Pearl, a prequel to the acclaimed X (2022) and the second movie in the X film trilogy, opens on a beautiful and idyllic Texas farm reminiscent of Hollywood’s silver screen era pictures like Gone with the Wind (1939) and The Wizard of Oz (1939). Director Ti West uses technicolor saturation levels, sprawling camera angles, and a sweeping soundtrack to evoke a sense of grandeur typical for depictions of rural life on film in this period. West co-wrote the script with star Mia Goth.
Out of this pastoral paradise, Pearl (Goth) appears as an innocent farm girl with ambitions beyond the confines of her family’s property. She preens privately in her room, sneaks off to see forbidden ‘moving pictures’ in town, and dreams of dancing on stage to adoring audiences, all out of the eyesight of her domineering German mother, Ruth (Tandi Wright). However, her dreams encounter opposition as the realities of her life come into view.
Beyond the usual demands that one would expect living on a farm, Pearl is also responsible for helping her mother care for her ailing father (Matthew Sunderland). Goth and West skillfully build sympathy for Pearl in the opening stages. However, this sympathy is tested when Pearl’s capacity for violence emerges, and the carnage begins.
Pearl's violence is terrifying because of how her femininity is portrayed. She is childlike and dependent on the love of those around her, which aligns with traditional agrarian values. Unfortunately for Pearl, she only experiences love when her actions align with the expectations of others. She is loved for the utility of her gender and only in the way that others choose to recognize it. When she attempts to use her sexuality to fulfill her desires, she finds punishment or abandonment. As frustration mounts, Pearl states, “… you have no idea what I’m capable of.” This foreshadowing exceeds all expectations as Pearl descends into cruelty and malice. Her eventual brutality exceeds even the worst that Lizzie Borden was only accused of. Like Borden, Pearl’s violence resonates that much more, not only because of a natural distaste for murder but because it rejects an entire value system, one based upon her fertility and expected female roles.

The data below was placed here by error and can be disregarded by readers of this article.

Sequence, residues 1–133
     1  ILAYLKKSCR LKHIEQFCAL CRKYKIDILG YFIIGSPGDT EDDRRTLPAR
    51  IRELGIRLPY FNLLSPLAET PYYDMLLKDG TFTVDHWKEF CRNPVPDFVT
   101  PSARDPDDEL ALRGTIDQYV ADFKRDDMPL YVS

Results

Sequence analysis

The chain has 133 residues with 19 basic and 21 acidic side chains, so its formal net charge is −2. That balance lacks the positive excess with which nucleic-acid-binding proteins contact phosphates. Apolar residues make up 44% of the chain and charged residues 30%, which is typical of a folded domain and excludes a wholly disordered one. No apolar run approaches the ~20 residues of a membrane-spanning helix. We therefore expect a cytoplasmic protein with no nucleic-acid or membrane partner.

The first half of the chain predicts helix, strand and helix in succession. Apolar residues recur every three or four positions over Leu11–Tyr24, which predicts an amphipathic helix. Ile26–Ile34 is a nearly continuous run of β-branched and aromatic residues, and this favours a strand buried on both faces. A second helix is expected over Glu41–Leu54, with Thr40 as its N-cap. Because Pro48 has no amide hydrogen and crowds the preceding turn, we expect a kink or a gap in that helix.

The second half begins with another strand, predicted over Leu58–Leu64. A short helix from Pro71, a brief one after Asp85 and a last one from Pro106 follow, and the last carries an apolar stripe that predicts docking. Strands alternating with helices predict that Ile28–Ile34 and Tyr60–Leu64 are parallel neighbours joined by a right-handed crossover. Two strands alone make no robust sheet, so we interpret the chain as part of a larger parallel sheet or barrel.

Serving as backdrops to Pearl’s sexual rebellion are the influenza pandemic of 1918-1919 and the First World War. Both events combined killed millions of Americans and fomented widespread anti-German sentiments. Germans, historically one of the largest immigration groups to the United States, were accused of being spies for the ‘Vaterland,’ intentionally spreading the pandemic, and were frequently attacked violently. German families who did leave took measures to hide their heritage by changing their family names, claiming another acceptable European ancestry, and refraining from speaking German in public.
Given this backdrop, Goth and West are not just writing about denied female agency but also reflecting on contemporary reactions to the recent COVID pandemic. If sympathy exists for Pearl and her forbidden dreams, then compassion should also exist for Asian Americans who recently experienced the same discrimination. In a way, Pearl is an ethnic anti-hero struggling against the world’s injustice due to no fault of her own. She is a prisoner not only to her gender but her ethnic heritage as well.
Goth navigates Pearl’s predicaments and skillfully transitions her from dutiful daughter to merciless killer in an authentic and nuanced performance. She conveys Pearl’s sexuality and rage equally, making these characteristics equally impactful. She makes Pearl feel sympathetic, even while carrying out her heinous crimes. Right up to the closing shot, it is evident that Goth has poured all she has into Pearl. In all, Goth’s performance deserves recognition at the highest levels.
West supports Goth’s performance with outstanding direction, cinematography, and storytelling. The tempo of the film never fails to engage the viewer’s attention. West’s framing of each scene effectively builds tension, even if no pitchforks are flying at a given moment. West’s use of red is worthy of special mention; red features prominently in almost every scene and is unusually visible due to the heightened saturation levels. Like his use of animals as emblems for violence, fertility, and decay in other parts of the film, red visually embodies the power struggle between characters on screen. West’s skill as a storyteller is on full display and is a pleasure to watch as the film unfolds.
Pearl is an outstanding and masterfully crafted horror film. Goth’s performance shines simultaneously with sympathy and brutality. She delivers one of the best performances of the past year, and not just in horror.